A cent (¢) is the interval equal to exactly 1/100th (or 1%) of a 12edo semitone. In other words, cents divide the half step (semitone) of 12edo into 100 equal parts.
The 12edo perfect fifth is exactly 700 cents, and the 12edo major third is exactly 400 cents. In contrast, the just perfect fifth, which corresponds to two notes in a frequency ratio of 3/2, is approximately 702 cents, and the just major third of 5/4 is about 386 cents. The 24edo neutral third is exactly 350 cents. The 22edo approximation to 3/2 is approximately 709 cents.
How to calculate the size of an interval in cents
Example (just perfect fifth): log22(3/2) × 1200 ≈ 0.584 × 1200 ≈ 701.955 cents.
If your pocket calculator has no log2 key, but does have a log (log10) or ln (loge) key, you can key it this way:
(frequency ratio) log ÷ 2 log =
(This makes use of the property of logarithms that log2(x) = logn(x) / logn(2).)
For scientific calculators, the order of buttons may be different, and a right parenthesis may be needed.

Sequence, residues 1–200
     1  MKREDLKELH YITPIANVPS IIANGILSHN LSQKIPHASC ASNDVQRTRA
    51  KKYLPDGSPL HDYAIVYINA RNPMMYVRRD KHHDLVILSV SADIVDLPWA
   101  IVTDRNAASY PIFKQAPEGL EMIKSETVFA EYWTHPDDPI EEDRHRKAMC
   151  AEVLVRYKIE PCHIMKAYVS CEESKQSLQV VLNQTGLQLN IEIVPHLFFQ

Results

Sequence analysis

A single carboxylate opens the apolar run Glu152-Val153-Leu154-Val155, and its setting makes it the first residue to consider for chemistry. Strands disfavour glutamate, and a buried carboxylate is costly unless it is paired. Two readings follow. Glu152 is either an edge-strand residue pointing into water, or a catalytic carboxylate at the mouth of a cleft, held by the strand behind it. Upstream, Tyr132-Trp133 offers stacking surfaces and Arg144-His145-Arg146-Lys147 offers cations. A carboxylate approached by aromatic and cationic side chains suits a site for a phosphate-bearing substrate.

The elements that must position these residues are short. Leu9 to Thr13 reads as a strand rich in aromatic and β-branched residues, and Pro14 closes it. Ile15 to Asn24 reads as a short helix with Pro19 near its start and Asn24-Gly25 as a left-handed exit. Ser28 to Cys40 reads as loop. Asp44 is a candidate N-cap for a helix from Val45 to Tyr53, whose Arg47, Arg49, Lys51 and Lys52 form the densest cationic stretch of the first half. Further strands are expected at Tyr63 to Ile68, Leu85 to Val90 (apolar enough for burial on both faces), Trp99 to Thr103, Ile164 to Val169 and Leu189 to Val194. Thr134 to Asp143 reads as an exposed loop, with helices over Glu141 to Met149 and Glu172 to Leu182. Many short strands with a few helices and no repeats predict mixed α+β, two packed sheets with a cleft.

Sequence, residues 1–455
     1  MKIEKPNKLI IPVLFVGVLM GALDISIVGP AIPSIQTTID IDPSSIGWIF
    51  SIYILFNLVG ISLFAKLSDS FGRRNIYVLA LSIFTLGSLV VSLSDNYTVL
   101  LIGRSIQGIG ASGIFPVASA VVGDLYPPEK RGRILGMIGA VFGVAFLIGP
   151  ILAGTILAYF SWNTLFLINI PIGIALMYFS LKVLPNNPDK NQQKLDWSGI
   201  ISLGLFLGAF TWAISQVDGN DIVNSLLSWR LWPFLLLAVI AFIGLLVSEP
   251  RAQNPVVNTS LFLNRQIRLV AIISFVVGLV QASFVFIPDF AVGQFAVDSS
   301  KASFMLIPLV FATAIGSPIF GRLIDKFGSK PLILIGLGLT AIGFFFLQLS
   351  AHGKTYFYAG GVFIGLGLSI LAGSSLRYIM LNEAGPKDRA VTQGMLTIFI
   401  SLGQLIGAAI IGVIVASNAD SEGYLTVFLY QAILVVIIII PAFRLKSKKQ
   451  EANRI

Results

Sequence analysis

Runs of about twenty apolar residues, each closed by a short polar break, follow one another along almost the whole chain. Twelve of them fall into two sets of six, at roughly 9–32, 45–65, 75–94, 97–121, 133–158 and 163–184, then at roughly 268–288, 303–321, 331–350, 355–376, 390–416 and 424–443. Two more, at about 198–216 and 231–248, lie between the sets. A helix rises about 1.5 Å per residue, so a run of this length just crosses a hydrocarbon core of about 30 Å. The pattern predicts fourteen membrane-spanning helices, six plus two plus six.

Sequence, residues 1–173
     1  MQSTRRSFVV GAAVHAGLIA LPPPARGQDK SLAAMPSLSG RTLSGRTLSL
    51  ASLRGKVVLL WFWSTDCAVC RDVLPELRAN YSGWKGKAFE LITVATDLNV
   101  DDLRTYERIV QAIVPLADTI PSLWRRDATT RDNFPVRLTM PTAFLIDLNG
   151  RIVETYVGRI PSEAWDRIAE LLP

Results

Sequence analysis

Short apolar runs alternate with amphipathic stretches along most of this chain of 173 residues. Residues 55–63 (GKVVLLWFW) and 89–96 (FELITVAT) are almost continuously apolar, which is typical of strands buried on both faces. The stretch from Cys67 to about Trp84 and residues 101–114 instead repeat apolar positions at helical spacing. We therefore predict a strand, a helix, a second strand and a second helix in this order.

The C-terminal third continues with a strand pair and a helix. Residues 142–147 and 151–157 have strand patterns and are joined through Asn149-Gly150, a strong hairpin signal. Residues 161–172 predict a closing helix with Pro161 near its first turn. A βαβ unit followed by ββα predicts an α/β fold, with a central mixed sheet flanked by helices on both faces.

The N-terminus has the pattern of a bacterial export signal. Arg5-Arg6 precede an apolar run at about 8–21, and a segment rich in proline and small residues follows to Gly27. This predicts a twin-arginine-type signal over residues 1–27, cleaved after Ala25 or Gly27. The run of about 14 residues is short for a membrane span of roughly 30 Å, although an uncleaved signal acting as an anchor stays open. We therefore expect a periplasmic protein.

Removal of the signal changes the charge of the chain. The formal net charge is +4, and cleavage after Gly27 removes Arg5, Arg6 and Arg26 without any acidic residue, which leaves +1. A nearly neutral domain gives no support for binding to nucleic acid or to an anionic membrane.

For EDO steps, which are already logarithmic, simply divide 1200 by the EDO size, then multiply by the number of steps.
For example, 1 step of 31edo is 1200 ÷ 31 = ~38.710 cents; 5 steps of 31 is ~193.548 cents.
Other interval size units
The cent is commonly used because of its ease in communicating information about intervals to a 12edo-savvy audience. However, some have suggested that the cent be deprecated, as other than societal convention there's no reason to give 12edo inherent importance over any other decent tuning. In contrast, others have suggested that cents are a useful unit of interval measure for purely mathematical reasons, even despite of 12edo's current status as the dominant tuning in Western society.
In the Xenharmonic Wiki there is broad agreement to stick to cents as a general interval measure. Under certain circumstances, alternative interval size measures are provided in addition.